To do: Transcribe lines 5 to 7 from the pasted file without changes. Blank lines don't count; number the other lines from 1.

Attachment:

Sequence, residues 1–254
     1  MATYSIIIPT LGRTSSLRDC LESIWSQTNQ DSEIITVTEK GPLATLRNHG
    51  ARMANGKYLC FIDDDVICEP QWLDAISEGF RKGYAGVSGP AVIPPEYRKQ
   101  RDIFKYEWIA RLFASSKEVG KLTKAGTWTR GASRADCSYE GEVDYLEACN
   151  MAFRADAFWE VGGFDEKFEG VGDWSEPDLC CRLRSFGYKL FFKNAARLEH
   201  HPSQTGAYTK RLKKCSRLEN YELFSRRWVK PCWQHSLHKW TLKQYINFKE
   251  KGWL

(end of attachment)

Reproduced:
   151  MAFRADAFWE VGGFDEKFEG VGDWSEPDLC CRLRSFGYKL FFKNAARLEH
   201  HPSQTGAYTK RLKKCSRLEN YELFSRRWVK PCWQHSLHKW TLKQYINFKE
   251  KGWL